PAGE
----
Delaware is often forgotten. Sitting on the Atlantic coast between Philadelphia and the Washington-Baltimore Metro, the state hides in plain sight. While the First State does not have a Major League team, it has sent 56 players to baseball’s highest level. Delaware punches above its weight for its place in baseball. Sadie McMahon is the greatest pitcher born in Delaware. His 43.55 WAR is the 36th highest among all state and territory leaders. Paul Goldschmidt has the highest WAR for position players born in Delaware. His 45.11 WAR ranks him 40th. McMahon and Goldschmidt have a combined 88.66 WAR, ranking Delaware 39th among all states and territories.
John Joseph McMahon was born in Wilmington. He earned the nickname Sadie during his baseball career, but the exact origins are unclear. McMahon pitched for nine seasons with three teams: Philadelphia Athletics (1889-1890), Baltimore Orioles (1890-1896), and Brooklyn Bridegrooms (1897). He played during a time of great change for pitchers with the introduction of the pitchers mound in 1893. McMahon pitched in 321 career Games, made 305 Starts, throwing 279 Complete Games, including 14 Shutouts, in 2,634 Innings, allowing 2,726 Hits, 1,592 Runs, 1,026 Earned Runs, 52 Home Runs, 945 Walks, 967 Strikeouts, 98 Wild Pitches, posting a 173-127 record, 3.51 ERA, 1.394 WHIP, and 118 ERA+. He was forced to retire before turning 30 after a shoulder injury derailed his career.
Pitching from the flat pitchers box, McMahon enjoyed his best season with the 1891 Baltimore Orioles. He appeared in 61 Games, with 58 Starts, throwing 53 Complete Games, including 5 Shutouts, in 503 Innings, allowing 493 Hits, 259 Runs, 157 Earned Runs, 13 Home Runs, 149 Walks, 219 Strikeouts, 16 Wild Pitches, posting a 35-24 record, 2.81 ERA, 1.276 WHIP, and 131 ERA+. He led the American Association in Starts, Wins, Complete Games, Shutouts, and Innings Pitched. His 35 Wins were nearly half of the Orioles 71 victories.
Sadie McMahon was an elite pitcher before injuries quieted his arm. In the twilight of his career, McMahon went pitch for pitch against Cy Young and the Cleveland Spiders in the 1895 Temple Cup. The Temple Cup was a postseason exhibition series. While McMahon is not an all time great, he was a terrific pitcher in the early days of professional baseball.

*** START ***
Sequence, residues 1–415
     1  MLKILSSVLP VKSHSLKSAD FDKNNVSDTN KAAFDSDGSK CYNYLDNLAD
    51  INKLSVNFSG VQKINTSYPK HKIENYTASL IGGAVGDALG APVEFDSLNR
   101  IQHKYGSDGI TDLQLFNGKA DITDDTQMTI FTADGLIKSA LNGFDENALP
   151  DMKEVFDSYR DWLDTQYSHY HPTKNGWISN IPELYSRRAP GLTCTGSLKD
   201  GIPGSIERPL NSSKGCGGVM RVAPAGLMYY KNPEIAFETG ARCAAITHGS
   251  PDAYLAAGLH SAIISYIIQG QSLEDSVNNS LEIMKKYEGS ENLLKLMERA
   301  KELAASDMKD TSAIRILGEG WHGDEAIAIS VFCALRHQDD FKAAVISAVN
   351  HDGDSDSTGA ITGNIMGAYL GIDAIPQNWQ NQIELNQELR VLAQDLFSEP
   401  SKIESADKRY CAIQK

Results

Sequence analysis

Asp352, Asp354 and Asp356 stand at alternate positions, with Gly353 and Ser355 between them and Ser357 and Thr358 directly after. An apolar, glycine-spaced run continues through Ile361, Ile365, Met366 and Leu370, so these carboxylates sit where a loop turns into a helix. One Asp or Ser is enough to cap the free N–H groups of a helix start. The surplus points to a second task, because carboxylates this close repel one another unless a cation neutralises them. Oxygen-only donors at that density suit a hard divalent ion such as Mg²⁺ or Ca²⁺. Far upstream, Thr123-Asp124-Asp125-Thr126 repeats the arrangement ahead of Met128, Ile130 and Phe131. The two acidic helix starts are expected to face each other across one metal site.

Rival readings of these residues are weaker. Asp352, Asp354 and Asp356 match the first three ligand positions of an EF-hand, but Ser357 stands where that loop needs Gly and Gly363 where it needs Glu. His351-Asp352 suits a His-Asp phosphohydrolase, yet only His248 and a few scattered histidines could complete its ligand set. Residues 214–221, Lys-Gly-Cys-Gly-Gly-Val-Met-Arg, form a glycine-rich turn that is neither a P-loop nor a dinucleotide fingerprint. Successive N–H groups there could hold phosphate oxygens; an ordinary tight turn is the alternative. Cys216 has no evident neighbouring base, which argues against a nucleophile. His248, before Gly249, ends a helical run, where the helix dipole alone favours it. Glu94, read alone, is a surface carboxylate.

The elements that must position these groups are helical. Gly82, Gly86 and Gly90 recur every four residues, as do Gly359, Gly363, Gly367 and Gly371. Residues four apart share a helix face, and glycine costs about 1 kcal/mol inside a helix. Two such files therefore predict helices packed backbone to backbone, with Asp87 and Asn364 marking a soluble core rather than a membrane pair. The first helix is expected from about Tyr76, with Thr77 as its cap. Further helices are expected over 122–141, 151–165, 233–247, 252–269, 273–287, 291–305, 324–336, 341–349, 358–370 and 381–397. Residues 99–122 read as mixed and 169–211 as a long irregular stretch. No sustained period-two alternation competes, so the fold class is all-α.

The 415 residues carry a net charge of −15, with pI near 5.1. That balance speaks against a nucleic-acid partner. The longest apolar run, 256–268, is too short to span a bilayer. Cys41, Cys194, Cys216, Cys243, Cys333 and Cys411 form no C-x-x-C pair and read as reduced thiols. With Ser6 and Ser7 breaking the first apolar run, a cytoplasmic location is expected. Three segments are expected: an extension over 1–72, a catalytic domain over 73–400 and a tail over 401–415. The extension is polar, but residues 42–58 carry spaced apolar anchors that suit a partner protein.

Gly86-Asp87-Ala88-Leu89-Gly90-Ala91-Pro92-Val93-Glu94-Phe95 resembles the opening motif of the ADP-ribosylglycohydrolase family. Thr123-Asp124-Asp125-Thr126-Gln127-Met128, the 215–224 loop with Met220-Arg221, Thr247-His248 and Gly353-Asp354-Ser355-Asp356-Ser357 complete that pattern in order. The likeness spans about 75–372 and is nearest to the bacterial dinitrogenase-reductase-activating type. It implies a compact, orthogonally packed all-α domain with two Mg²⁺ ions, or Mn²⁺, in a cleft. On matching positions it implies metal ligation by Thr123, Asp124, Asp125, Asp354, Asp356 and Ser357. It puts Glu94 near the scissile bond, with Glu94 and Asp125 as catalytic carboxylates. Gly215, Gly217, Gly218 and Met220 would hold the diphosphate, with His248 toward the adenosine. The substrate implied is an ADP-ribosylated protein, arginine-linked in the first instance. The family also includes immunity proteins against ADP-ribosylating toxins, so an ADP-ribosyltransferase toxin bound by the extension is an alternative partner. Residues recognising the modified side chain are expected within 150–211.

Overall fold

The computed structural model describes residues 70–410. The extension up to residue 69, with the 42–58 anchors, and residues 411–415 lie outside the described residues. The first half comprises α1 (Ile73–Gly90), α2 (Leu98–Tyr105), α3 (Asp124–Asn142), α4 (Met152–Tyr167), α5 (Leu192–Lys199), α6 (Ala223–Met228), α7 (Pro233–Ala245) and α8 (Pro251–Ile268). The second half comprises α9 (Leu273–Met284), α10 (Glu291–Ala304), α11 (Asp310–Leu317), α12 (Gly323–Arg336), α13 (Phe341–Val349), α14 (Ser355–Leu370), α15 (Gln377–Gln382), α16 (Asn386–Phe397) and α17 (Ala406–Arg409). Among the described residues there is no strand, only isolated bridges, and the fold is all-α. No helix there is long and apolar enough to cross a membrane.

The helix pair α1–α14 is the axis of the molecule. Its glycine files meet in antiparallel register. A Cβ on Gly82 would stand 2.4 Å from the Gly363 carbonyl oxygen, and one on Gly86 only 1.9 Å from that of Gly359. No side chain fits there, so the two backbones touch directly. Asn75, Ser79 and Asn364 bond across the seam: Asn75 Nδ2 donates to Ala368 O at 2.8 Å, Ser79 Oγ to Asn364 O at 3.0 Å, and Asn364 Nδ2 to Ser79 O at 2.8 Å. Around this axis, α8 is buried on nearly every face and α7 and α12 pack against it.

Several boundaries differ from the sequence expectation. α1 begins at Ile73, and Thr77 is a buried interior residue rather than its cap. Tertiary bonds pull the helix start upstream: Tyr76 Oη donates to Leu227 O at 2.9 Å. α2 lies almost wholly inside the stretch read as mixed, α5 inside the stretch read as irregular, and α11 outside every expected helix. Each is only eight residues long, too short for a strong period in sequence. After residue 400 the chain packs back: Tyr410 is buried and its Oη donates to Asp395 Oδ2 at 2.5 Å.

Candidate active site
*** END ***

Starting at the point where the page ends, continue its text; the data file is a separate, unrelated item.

Paul Goldschmidt is the greatest position player born in Delaware. The Wilmington native is the first active player to lead a state or territory in the United States of Baseball. The star First Baseman is entering his age 33 season, having played 10 seasons with the Arizona Diamondbacks (2011-2018) and St. Louis Cardinals (2019-present). Goldschmidt has played 1,311 career Games, collected 1,395 Hits, 305 Doubles, 20 Triples, 249 Home Runs, with 828 RBI, 837 Runs scored, 128 Stolen Bases, 770 Walks, 1,268 Strikeouts, .293 BA, .392 OBP, .522 SLG, .914 OPS, and 141 OPS+. He is a six time All Star, four time Silver Slugger, three time Gold Glover, 2017 World Baseball Classic champion, and twice finished second for the National League MVP (2013 and 2015).
Goldschmidt’s best season, thus far, was in 2015 with the Diamondbacks. In 159 Games, he collected 182 Hits, 38 Doubles, 2 Triples, 33 Home Runs, 110 RBI, 103 Runs scored, 21 Stolen Bases, 118 Walks, 151 Strikeouts, .321 BA, .435 OBP, .570 SLG, 1.005 OPS, and 168 OPS+. He was an All Star, won both the Silver Slugger and Gold Glove, and finished second for the MVP award. This was not a one season flash as Goldschmidt was just as dominant in 2013, either season could be his best. Now playing for the ever competitive Cardinals, Goldschmidt will be a force for many more seasons.
The First State is not the biggest state, nor has it sent the most players to the Majors. However, it plays its part in the continuing story of baseball. Delaware has one native son in Cooperstown, Bill McGowan. Surely the legendary umpire will someday be joined by a fellow Delawarean. The United States of Baseball takes a short drive west next week to the nation’s capital, the District of Columbia is next.